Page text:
An Act of Love

This new novel by Alan Gibbons is the perfect book for male readers. I hope that doesn’t sound wrong. There are not enough male teen novels, and this one is of political as well as human importance. Young people need the kind of good example someone like Alan can set them.

It’s about war, but a more real kind of war that feels far removed from the Andy McNab type of war. It’s also a very working class story, which made me realise quite how middle class (or ‘worse’) much fiction is.

Chris and Imran are neighbours and they grow up together. They are the best of friends and they always do things together, until terrorism and politics and religion get in the way and they eventually go their separate ways.

Chris becomes a soldier and goes to fight in Afghanistan. Imran is found by religion and risks being brainwashed into terror deeds. An Act of Love begins at the end, almost. We are then taken back to various stages in the boys’ lives from about age eight. The reader finds out what happened to the two of them.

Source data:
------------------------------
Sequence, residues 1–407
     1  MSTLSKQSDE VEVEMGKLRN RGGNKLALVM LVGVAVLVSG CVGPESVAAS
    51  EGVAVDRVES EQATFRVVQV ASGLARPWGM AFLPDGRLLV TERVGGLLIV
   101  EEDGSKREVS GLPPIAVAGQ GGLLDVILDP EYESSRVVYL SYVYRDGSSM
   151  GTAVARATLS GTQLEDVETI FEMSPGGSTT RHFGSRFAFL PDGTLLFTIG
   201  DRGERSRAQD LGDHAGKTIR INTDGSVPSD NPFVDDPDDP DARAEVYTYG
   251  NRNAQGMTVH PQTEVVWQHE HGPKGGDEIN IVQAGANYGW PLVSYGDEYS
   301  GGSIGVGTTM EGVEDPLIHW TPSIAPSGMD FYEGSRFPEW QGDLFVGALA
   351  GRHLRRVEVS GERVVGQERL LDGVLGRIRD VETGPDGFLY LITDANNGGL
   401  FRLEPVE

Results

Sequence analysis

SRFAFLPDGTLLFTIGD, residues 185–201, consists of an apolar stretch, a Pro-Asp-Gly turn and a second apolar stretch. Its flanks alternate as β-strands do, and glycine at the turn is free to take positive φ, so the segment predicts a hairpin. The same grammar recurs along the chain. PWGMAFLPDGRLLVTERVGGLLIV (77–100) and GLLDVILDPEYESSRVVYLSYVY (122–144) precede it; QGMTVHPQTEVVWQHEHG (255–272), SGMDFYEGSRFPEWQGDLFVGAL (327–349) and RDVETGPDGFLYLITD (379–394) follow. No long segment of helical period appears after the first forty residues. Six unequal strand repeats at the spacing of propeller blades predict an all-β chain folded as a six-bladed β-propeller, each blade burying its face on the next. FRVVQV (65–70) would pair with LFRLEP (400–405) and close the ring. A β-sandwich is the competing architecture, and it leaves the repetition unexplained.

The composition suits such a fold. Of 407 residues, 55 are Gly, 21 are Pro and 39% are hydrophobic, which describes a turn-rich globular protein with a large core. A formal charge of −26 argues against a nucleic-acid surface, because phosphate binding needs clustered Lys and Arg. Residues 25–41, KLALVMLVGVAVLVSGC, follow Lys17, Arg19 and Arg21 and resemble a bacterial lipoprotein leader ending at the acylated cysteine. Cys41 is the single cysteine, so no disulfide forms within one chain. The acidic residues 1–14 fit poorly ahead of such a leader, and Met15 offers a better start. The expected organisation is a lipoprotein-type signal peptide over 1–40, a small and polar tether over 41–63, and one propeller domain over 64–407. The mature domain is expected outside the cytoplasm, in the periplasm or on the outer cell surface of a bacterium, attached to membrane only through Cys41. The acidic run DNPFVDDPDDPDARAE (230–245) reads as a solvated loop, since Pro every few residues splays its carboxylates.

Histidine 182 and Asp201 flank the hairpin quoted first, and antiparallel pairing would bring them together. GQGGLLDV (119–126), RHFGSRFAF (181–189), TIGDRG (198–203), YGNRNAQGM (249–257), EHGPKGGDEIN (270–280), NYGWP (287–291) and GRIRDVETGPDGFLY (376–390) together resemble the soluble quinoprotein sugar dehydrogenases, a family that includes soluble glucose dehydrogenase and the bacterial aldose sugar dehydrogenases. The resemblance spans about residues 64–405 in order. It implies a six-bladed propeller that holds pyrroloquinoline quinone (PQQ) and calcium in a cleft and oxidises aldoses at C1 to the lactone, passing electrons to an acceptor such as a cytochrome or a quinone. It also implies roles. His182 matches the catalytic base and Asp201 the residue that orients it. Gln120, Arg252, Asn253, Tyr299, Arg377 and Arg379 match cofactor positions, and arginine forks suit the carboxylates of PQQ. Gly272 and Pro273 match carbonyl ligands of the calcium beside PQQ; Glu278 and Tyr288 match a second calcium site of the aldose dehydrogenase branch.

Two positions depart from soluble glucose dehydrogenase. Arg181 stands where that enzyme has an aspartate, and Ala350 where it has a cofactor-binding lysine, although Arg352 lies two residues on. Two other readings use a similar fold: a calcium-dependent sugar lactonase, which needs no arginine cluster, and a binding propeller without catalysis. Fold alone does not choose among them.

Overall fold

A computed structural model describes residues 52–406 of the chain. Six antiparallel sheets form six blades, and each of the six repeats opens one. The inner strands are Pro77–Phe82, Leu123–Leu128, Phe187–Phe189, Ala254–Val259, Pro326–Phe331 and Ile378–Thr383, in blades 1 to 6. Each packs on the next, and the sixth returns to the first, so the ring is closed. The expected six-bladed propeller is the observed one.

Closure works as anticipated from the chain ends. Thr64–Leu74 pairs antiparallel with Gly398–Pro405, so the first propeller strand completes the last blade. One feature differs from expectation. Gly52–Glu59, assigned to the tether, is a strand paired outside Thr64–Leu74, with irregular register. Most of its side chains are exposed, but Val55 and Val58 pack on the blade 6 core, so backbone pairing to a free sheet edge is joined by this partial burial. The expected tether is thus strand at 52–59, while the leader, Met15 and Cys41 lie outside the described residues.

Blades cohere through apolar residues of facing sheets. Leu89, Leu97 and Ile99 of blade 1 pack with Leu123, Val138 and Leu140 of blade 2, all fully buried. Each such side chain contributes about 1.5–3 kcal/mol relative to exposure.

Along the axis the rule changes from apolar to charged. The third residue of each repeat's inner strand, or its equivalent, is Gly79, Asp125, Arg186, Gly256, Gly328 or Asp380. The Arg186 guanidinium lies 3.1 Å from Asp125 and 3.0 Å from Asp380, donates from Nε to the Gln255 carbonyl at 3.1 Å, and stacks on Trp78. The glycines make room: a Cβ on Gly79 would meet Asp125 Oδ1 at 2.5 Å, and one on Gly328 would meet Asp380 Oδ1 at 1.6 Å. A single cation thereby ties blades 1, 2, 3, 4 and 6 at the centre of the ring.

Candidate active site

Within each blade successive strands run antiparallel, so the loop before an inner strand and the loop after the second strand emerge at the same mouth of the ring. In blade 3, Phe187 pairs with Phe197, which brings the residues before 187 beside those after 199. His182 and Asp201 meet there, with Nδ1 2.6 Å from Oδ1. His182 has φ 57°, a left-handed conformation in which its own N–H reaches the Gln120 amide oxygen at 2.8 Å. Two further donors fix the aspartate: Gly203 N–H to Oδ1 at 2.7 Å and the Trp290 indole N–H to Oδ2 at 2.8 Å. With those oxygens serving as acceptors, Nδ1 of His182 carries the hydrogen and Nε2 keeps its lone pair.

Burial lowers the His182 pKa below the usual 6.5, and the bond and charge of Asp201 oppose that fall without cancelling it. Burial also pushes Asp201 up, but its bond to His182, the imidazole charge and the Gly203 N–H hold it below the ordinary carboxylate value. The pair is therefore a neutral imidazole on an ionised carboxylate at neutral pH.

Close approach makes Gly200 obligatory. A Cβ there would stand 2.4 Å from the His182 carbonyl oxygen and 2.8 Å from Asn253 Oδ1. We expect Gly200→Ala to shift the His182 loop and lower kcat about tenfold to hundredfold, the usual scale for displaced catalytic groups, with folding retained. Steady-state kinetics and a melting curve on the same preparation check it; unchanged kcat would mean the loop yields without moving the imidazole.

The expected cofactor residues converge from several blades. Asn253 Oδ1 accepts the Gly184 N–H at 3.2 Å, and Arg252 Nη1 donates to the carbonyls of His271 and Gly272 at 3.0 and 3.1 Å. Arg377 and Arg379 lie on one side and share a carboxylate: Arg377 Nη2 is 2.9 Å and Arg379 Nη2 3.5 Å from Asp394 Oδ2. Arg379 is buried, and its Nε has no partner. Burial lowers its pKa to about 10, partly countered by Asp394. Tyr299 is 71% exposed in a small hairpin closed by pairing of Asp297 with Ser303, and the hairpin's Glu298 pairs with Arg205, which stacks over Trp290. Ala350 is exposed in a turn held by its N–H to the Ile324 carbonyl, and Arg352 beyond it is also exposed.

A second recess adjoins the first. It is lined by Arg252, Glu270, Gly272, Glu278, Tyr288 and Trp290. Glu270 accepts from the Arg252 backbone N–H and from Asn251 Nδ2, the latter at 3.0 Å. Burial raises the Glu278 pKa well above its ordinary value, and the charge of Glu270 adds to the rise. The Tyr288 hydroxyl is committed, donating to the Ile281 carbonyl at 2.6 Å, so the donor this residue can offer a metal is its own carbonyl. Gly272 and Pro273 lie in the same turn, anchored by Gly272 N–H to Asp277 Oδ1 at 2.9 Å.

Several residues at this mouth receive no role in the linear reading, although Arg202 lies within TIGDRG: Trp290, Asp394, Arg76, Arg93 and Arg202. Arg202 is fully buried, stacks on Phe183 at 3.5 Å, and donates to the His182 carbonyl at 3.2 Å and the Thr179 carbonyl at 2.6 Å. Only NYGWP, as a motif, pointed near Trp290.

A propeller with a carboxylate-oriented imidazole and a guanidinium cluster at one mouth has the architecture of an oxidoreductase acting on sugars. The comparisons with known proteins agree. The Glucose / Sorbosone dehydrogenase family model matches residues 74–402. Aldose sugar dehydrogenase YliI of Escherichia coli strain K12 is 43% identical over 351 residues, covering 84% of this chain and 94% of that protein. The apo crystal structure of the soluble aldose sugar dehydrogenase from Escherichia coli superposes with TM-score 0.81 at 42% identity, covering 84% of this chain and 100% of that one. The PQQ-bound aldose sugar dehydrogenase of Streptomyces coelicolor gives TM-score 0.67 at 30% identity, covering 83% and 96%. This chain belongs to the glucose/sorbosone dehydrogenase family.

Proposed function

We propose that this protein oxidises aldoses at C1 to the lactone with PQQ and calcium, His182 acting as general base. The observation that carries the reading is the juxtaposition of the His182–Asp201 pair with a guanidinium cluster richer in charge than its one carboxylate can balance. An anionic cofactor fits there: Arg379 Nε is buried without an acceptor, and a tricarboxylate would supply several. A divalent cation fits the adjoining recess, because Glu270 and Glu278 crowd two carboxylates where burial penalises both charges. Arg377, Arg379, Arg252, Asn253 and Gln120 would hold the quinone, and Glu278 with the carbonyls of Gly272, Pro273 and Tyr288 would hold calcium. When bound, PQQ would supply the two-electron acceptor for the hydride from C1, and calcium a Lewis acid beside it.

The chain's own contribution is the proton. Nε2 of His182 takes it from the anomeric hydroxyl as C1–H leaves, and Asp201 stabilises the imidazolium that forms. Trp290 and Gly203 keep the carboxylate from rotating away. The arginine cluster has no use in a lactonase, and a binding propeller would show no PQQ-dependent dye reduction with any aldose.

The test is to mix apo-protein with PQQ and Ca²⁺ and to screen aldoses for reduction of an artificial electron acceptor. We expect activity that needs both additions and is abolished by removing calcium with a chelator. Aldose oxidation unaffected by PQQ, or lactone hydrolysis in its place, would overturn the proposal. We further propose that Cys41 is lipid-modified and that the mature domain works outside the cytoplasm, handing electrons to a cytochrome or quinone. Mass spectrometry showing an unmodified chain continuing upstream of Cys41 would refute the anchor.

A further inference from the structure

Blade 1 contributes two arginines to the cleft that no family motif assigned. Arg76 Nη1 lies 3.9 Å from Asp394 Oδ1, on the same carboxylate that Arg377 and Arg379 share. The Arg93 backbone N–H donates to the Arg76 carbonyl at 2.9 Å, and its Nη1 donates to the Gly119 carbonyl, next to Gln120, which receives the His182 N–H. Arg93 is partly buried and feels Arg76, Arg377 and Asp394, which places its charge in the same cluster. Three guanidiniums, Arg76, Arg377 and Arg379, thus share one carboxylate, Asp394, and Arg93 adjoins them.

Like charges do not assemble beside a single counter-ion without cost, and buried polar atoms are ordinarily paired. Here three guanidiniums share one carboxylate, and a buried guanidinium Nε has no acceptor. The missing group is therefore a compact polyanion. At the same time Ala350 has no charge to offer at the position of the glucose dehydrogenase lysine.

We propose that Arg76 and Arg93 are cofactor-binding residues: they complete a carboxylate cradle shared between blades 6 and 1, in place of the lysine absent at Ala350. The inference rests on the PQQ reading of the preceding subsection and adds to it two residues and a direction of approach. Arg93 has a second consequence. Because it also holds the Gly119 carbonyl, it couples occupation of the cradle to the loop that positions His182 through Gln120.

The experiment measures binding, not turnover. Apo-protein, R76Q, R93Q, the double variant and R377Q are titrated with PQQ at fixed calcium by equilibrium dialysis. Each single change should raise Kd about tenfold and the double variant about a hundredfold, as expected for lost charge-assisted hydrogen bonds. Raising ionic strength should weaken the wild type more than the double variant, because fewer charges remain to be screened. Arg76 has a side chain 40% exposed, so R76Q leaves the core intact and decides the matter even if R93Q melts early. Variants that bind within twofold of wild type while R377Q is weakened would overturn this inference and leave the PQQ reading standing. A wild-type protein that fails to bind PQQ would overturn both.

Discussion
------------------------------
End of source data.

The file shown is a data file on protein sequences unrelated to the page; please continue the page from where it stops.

This way it’s clear how much we are all pawns in a much bigger game. I hope it will show young readers that they need to think for themselves and to learn to value friendship. We see the fears of the Millennium bug, then travel in time via the 11th September in New York and the 7th of July in London, before arriving in the war which is still being ‘fought’ and looks like it won’t ever end.

Evil and prejudice will always be with us in some form or other. But hopefully this book can give us some hope. It’s funny how Imran’s mother describes herself as a Yorkshire girl, shocked at encountering racism and being told to go back where she came from.

The pace makes for breathless reading as you approach the end. Having begun at the end, the plot moves towards what ultimately has to happen, after twelve years of back-story. Imran and Chris are still teenagers, and they have both seen too much.

I hope this book will open many eyes.

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3 responses to “An Act of Love

  1. Pingback: Review of An Act of Love

  2. There can DEFINITELY never be too many books suited for young, male readers says the teacher.

  3. Pingback: Riots and the Relevance of Writing for Young Adults. « AAlibrary's Blog

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